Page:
Investor Sentiment: Consistency And Credibility
This week's comments are about why I continue to present the same data on investor sentiment week after week. Some readers have suggested that this data has been of little value during this historic bull run, and so why keep showing it. I believe the data has been relevant, but for those who see otherwise, let's just agree to disagree for now.
Of course, I would like to be right every time I put my thoughts and observations out to the world wide web, but I know that in this game of investing and trading getting it right all the time is impossible. However, I can be consistent in my approach, and this is what I strive to do. Consistency of approach plus getting a few "calls" right equals credibility. And credibility is very important.
So what prompted me to write about this today? It was this email from a reader:
"Your frequently, much touted 'smart money - dumb money' indicator must be causing you acute embarrassment because it has shown no predictive capability during this bear market rally. Just when one requires the indicator to deliver the goods and divine the market it fails miserably.
Do you ever regret making such a chump of yourself so publicly? :-)"
Now I don't like emails like this because well, they are down right nasty. But after writing on the web for over 5 years now, you develop a thick skin. You take the good with the bad. It is mostly good, and that is why I continue to do this.
So let's set the record straight about the sentiment indicators presented week after week in these articles. The "Dumb Money" indicator gave a bull signal in early March, 2009. This is why I wrote the following two articles on March 8: "Investor Sentiment: Bullish Signals" and "Putting A Bullish Signal In Context". On April 19, I suggested that it was "Time To Sell Strength And Tighten Up Stops". This really wasn't a bad call either because for the next 10 weeks the S&P500 actually went nowhere. The "Dumb Money" indicator showed that there were too many bulls in early May, and that is why I reminded everyone with the article written May 10: "Investor Sentiment: It Takes Bulls To Make A Bull Market". In this article, I discussed those rare times (i.e., less than 15% of the signals) when too many bulls is associated with a bull market. Hey it happens; we know it happens and you just have to understand when it is happening. Since early August, the extreme bullish readings in the "Dumb Money" indicator have been associated with a market that has an upward bias. And for the next two months in every weekly sentiment commentary I have stated the following: "There is an upward bias until the extremes in bullish sentiment are unwound, and there will be a bid under the market, and it will be tough to short or bet against this market for the foreseeable future." I don't know how I could have described this any more clearly or frequently. Now in the last three weeks, I have changed my tune, and I am suggesting that "equities are for renting not owning at this juncture, and that there is probably greater risk of a market down draft now than in past weeks."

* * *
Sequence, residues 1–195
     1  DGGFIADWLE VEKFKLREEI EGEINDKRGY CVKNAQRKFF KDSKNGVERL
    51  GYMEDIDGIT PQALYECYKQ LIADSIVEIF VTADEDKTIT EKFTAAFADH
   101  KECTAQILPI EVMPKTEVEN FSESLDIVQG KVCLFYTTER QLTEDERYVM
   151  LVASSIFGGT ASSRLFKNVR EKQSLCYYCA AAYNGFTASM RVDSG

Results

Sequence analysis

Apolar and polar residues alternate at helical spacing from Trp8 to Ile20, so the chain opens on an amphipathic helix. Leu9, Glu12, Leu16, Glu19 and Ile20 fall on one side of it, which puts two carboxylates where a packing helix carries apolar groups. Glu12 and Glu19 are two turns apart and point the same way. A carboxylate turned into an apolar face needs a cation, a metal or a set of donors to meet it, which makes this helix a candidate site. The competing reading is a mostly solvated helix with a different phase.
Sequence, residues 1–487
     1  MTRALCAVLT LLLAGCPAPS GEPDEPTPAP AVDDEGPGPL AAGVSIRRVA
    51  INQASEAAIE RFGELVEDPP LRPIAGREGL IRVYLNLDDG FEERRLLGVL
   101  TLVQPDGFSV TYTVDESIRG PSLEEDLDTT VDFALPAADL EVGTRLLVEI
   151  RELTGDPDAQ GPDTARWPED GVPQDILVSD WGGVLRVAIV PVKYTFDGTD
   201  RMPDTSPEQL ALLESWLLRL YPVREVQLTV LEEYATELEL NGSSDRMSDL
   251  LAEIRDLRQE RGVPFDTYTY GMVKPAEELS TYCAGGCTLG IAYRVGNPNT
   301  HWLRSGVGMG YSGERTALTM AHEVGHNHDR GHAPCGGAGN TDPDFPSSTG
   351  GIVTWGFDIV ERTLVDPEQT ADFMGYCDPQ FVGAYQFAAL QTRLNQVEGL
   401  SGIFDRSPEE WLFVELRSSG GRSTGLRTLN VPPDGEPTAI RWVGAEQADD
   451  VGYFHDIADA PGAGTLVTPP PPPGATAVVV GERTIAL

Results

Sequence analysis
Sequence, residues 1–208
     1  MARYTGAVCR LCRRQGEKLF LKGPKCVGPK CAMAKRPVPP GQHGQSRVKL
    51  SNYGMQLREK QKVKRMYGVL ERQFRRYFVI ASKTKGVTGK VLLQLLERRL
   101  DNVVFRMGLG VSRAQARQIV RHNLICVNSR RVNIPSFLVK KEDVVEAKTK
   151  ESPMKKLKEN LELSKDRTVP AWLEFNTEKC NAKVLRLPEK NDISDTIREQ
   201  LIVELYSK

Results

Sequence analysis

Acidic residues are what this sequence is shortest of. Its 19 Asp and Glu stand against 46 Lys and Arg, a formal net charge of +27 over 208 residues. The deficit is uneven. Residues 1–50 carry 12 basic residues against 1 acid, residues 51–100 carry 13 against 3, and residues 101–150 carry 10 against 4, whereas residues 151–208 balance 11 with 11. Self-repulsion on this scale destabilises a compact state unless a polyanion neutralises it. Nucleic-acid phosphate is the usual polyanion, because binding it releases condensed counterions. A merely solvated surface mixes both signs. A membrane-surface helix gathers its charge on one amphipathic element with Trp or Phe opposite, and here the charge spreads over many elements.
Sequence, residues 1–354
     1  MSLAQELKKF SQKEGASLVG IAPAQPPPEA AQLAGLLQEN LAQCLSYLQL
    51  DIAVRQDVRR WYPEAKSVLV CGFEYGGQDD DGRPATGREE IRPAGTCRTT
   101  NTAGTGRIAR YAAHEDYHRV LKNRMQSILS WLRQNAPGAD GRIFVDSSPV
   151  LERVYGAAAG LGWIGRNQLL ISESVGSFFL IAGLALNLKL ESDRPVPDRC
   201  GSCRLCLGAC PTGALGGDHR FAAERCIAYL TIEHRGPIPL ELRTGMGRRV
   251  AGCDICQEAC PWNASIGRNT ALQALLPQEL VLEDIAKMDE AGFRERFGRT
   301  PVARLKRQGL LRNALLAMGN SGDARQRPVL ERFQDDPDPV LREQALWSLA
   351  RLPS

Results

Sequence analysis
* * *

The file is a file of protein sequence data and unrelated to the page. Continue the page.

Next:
My comments are not the result of some fantasy, but based upon the indicators themselves and grounded in the data. For the most part, I believe they have been accurate. The problem is that no one I know of or no indicator existed back on March 9 that would have predicted that the S&P500 would have moved up over 60% in 7 months. No one and no indicator!